archive for the 'Pre-Reading/Comprehension' category

Cow Visual Discrimination File Folder Game

Here’s a fun file folder game, which can be used to help children sharpen their discrimination skills. Correctly matching up the cows will encourage children to learn how to recognize subtle differences between objects. The ability to do so, will aid children in every learning aspect of the classroom. I chose to use cows for my farm unit, but this concept can be adapted to fit any unit. I hope that your children enjoy this as much as mine have.

MATERIALS USED:

– File folder
– Our free cow template
– Color coding labels
– Construction paper
– Scissors
– Glue


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Feed the Bunnies Counting Activity

I’ve been teaching for many years, and I am always looking for inexpensive, new ways to present learning opportunities to the children. I recently put together this free Feed the Bunnies math game. This colorful teaching tool attracts the children’s attention, and increases number sense (counting, number recognition, etc.).

We will be using this activity as an extension to the story Home For a Bunny by Margaret Wise Brown. This book is about a bunny is in search of the perfect home in spring. However, when he meets a family of robins, a frog, and a groundhog, the bunny realizes that not every home he finds will suit him. The bunny eventually comes upon the perfect home and someone to share it with. The beautiful illustrations of Garth Williams bring the story to life.

MATERIALS USED:

– White card stock
– Plastic cups
– Our free printable numbered bunnies (1-10)
– Googly eyes
– Cotton balls
– Stapler
– Easter grass
– Plastic carrots (Walmart)


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The Colored Hens Circle Time Activity

One of my favorite children’s books is The Little Red Hen. I read it every year to my class. I often pair the story with this interactive circle time activity, which is designed to improve listening skills, and teach colors. It also gives children an opportunity to follow directions and to participate during large group.

Cut out colored hens to match the colors in the poem (the hen pattern is provided here). I happened to have some extra felt, so I just used that. However, construction paper will work just as well. Glue the hens onto paper plates, add some googly eyes, and coordinating craft sticks. I used watercolors to color the sticks.

During circle time, give each child a hen. Some colors may have to be repeated depending upon how many children are in the circle. Instruct the children to hold up their hen when they hear their color, then read the poem below. This is a fantastic attention grabber. My preschoolers, even my “busy” ones, hold their breath with anticipation, just waiting to hear their color words; they get so excited to spring into action!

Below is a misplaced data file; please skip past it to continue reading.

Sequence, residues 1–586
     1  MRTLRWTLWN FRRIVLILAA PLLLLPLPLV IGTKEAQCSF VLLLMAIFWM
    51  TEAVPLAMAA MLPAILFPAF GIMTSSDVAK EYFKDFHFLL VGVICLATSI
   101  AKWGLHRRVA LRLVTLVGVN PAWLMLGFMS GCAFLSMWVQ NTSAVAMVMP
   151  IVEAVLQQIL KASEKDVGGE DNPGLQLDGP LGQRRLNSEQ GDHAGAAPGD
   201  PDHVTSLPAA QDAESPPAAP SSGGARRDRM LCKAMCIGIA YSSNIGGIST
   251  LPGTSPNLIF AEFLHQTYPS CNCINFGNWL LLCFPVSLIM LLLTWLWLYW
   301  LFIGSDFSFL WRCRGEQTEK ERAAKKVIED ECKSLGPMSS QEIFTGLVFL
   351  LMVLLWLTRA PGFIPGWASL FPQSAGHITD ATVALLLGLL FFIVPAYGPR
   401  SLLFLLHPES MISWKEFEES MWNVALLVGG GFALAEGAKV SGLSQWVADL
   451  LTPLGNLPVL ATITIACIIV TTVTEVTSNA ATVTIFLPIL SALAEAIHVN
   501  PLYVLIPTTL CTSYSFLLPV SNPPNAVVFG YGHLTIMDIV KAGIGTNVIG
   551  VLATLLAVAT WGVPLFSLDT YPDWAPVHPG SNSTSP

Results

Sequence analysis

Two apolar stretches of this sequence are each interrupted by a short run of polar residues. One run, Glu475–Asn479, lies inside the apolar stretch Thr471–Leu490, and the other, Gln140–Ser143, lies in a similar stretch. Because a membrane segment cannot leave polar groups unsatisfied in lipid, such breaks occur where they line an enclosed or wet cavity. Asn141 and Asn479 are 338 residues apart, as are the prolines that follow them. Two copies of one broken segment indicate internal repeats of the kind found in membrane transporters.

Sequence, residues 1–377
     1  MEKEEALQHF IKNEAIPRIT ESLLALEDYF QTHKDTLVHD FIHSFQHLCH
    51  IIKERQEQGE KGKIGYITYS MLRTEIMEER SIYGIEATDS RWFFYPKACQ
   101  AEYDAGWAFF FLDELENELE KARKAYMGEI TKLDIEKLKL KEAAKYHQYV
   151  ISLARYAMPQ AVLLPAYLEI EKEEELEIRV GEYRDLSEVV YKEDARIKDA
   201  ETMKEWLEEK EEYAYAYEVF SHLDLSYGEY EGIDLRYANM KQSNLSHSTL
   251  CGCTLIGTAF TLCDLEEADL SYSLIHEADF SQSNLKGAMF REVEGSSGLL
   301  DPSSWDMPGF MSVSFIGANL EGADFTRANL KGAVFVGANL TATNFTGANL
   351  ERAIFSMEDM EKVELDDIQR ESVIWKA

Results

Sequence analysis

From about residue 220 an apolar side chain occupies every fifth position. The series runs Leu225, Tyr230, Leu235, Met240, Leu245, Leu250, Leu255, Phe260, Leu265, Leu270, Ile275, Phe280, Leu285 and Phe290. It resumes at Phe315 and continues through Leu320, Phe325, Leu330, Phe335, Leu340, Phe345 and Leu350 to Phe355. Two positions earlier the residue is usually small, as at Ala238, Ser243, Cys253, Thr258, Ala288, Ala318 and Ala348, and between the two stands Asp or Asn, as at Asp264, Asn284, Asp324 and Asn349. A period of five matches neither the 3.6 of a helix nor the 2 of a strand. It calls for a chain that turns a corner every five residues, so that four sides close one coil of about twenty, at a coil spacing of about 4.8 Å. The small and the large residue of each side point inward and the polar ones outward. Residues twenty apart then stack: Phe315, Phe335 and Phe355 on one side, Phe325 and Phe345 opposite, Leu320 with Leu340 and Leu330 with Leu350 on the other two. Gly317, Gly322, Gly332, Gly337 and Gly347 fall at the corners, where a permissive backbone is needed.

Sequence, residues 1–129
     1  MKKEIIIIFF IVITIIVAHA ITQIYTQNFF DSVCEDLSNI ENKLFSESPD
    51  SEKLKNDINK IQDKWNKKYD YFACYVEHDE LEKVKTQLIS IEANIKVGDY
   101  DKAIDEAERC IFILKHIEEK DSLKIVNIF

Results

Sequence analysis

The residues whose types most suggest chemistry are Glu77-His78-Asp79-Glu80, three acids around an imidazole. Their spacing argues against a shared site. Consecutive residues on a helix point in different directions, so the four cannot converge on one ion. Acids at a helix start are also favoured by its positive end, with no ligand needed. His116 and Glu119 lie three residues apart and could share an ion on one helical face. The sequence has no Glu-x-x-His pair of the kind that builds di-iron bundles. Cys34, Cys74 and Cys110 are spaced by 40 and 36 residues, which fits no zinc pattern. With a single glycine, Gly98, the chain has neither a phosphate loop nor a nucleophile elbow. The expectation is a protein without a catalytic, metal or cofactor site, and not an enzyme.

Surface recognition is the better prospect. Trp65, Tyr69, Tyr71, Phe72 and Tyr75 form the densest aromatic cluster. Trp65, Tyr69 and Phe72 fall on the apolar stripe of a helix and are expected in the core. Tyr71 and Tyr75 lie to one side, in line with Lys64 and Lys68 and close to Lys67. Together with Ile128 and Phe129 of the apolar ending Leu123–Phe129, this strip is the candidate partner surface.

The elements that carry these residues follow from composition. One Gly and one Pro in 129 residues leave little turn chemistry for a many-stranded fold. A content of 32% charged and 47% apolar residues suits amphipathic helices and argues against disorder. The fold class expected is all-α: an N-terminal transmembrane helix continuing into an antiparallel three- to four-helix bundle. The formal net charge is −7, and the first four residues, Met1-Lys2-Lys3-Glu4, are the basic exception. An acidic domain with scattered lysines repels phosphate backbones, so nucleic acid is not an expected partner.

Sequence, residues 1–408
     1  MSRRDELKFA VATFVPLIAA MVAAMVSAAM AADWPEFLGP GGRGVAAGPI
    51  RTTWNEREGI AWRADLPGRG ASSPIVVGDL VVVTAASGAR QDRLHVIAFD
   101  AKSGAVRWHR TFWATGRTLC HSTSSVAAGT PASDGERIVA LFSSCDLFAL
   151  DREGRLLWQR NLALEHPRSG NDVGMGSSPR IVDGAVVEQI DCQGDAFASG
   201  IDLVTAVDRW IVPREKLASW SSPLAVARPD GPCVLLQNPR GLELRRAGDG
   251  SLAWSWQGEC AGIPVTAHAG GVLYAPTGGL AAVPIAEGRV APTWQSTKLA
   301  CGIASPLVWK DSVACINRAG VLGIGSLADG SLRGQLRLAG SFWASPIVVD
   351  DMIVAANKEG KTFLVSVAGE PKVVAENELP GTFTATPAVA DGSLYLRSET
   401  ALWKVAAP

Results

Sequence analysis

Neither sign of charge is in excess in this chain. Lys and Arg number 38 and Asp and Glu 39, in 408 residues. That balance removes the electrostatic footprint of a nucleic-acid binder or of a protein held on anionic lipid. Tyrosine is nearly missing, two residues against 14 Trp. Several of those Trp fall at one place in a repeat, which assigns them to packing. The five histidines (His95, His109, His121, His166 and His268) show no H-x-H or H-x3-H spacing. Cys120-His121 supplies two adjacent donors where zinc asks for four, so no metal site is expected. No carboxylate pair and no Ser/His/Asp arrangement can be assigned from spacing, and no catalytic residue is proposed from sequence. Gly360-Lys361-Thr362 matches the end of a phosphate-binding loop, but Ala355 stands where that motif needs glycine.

THE COLORED HENS POEM

This little hen is brown
You’ll never catch her with a frown

This little hen is black
She’s not a duck, so she doesn’t quack

This little hen is yellow
She’s friends with Mr. Rooster – he’s a happy fellow

This little hen is purple
She likes to walk in a circle

This little hen is green
On the farm she can been seen

This little hen is blue,
She likes to follow me and you

This little hen is red
She’s laid all her eggs in her bed

After the poem is read, and all the hens have been held up, talk about the different colors. To build phonemic awareness, the rhyming words should also be repeated and discussed.

MATERIALS USED:

– Colored felt or construction paper
– Our free hen pattern
– Scissors
– Tacky glue
– Paper plates
– Jumbo craft sticks/tongue depressors
Washable liquid watercolors
– Googly eyes


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St. Patrick’s Day Visual Discrimination Activity

Here is a St. Patrick’s Day activity (free printable) that will allow preschoolers to practice their visual discrimination skills. Opposed to comparing a small group of 3D objects, children must rely on their visual discrimination skills to identify differences and similarities of images. It is important for them to hone these skills in order to strengthen their alphabetic knowledge; they will need to spot the differences between letters. For examples, “b” and “d”, and “m” and “n”.

For younger children, it may be best to work with one line of pictures at a time. Try covering the others with a piece of paper.

Once the child has determined which image is different from the rest, have him/or cover it with a marker. Gold coins work very well and are always popular! For further visual discrimination fun, check out the I Spy book series on Amazon.

Download the free St. Patrick’s Day visual discrimination activity here.


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